Three Olympic gold medallists from Rio will be donning their Great Britain Cycling Team jerseys once again in Hong Kong this week for the 2017 UCI World Track Cycling Championships.
This year, however, will be markedly different for endurance riders Elinor Barker and Katie Archibald and sprinter Callum Skinner; they will be striking out on their own.
Archibald will be hoping to make her first individual world championships podium in the new-look omnium and, her favoured event, the individual pursuit.
She described the noticeable differences between preparing for a team competition and an individual one.
“With team pursuit, you’d usually go to a competition with a squad of five and you wouldn’t know whether all five were going to ride,” said Archibald.
“I’ve had it multiple time where I’ve been going into a competition thinking, ‘I’m man five here and I don’t know if I’m going to get a ride’.
“That sounds scary but what it forces you to do is be the best that you can, support the team the best that you can and hope that your form comes out and you do get selected.
“Whereas now that I’m going to a competition as an individual, I know that I’m definitely going to ride and that means that, regardless of whether my form does come good or whether everything goes right, I’m going to ride anyway, so it potentially can go terribly!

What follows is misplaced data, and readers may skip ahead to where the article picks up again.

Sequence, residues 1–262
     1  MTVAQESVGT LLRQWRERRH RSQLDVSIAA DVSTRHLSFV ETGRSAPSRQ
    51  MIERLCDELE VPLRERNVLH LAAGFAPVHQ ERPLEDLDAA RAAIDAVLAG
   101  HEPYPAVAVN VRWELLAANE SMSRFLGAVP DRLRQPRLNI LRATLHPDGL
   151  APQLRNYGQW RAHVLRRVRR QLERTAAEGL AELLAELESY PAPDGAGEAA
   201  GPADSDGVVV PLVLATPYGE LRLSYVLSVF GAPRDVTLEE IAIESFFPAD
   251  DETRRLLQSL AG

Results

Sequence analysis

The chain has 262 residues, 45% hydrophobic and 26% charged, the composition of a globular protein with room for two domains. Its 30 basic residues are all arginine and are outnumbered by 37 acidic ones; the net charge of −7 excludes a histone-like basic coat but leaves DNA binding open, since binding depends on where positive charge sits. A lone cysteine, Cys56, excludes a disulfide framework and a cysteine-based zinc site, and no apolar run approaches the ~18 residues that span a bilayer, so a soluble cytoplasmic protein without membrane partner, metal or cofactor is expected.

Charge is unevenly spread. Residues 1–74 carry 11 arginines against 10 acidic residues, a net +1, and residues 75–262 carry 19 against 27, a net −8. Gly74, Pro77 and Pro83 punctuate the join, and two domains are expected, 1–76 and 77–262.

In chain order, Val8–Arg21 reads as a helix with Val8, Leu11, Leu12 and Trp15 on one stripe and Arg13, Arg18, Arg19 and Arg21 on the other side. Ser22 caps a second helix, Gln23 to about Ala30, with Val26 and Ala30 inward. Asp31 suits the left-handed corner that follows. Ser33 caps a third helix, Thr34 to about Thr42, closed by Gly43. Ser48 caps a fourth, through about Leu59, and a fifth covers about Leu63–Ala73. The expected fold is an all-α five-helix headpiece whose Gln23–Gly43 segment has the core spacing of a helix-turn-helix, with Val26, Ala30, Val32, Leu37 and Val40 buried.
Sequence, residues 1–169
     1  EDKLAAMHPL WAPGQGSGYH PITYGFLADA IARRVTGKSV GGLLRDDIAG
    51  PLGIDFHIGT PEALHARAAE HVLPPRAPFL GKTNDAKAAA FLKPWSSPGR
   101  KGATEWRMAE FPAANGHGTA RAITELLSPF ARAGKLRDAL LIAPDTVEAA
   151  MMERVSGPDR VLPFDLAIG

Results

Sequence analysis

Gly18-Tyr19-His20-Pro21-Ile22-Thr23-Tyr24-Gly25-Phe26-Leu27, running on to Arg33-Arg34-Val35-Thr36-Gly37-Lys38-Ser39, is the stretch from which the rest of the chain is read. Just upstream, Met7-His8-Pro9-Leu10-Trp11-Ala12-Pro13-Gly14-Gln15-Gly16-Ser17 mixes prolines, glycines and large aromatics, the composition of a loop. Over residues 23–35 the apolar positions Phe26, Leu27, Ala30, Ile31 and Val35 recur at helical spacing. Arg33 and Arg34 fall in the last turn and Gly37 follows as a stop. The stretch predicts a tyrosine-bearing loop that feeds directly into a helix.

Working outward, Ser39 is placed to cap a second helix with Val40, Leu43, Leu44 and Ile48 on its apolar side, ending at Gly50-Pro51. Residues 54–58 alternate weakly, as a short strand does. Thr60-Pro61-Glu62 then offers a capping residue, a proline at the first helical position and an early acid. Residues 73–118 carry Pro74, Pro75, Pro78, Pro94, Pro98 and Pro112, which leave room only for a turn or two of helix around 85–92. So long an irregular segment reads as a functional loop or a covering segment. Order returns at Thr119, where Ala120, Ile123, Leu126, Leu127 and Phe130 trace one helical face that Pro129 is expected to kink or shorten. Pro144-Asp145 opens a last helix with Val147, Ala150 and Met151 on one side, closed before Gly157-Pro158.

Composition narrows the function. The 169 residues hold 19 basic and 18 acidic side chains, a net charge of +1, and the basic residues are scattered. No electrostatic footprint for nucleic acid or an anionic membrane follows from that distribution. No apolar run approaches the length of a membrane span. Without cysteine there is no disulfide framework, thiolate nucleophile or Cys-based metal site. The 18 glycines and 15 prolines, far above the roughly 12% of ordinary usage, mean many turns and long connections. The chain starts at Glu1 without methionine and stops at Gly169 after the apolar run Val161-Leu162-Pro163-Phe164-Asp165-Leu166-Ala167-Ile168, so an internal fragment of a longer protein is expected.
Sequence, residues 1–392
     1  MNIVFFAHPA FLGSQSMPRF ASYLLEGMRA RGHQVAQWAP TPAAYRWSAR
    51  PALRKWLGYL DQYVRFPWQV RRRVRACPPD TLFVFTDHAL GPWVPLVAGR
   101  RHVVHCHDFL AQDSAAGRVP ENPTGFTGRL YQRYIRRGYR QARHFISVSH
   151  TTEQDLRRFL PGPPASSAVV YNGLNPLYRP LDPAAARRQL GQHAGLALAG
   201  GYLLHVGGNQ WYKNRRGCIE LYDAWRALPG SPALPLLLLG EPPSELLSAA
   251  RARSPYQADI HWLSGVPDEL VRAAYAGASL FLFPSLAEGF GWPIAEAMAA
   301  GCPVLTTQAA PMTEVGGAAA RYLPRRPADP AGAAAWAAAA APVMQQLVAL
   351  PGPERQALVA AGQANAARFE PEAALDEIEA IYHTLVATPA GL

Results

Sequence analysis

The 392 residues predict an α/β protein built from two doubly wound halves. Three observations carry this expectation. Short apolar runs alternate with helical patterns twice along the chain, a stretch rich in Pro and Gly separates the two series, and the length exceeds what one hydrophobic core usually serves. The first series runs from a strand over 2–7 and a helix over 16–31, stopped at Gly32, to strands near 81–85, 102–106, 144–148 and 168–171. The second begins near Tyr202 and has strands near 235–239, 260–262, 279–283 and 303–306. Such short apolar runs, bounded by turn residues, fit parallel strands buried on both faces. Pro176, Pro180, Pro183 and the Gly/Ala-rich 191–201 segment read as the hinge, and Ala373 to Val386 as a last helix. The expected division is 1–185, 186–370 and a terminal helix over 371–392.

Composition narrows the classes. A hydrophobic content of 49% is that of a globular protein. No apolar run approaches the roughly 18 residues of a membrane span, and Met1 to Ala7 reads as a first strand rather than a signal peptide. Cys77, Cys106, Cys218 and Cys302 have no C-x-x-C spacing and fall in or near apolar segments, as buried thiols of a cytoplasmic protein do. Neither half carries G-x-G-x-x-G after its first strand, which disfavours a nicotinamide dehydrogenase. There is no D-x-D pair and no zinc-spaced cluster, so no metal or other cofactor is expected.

“That keeps you up a bit but it’s a new challenge and learning process so I’m just going to have to get on board with it!”
Archibald has been going it alone in another way too. With the support of her coach Paul Manning, she has been choosing her own training plan since the Olympics.
“At the moment I’ve got freedom, I’m writing my own plan and Paul is been really laid back about it and supportive,” she said.
“I think, wisely, he’s allowed me to have the space and make mistakes.
“It doesn’t mean that I’m not utilising all the support that we have at British Cycling - it’s so much more than just our one coach, there’s our physiologist, our strength and conditioning coach, our nutritionist, our psychologist and our physic and our doctor, your friends and your family!
“It’s certainly not a one man band! I am really enjoying having the autonomy and the authority to make my own decisions and call the shots - let’s hope it doesn’t backfire.”
Barker will be riding the scratch race and points race, the first ever world championships women’s Madison with Emily Nelson as well as being under consideration for the women’s team pursuit line-up.
The Olympic team pursuit gold medallist said that the training has made the biggest difference to her preparation for this, her fifth world championships.
“It will be a bit of a new challenge for me,” she said.
“I’ve obviously raced bunch races in the past but I’ve never trained for them - it’s always been very team pursuit specific, all the work on the track - and then just done bunch races afterwards so I’m really looking forward to doing it without the fatigue of doing three flat out team pursuits.
“For the last six months, all my track training has been for the bunch racing without the complete focus of team pursuit, so I’ve only been doing team pursuit for the last couple of weeks.”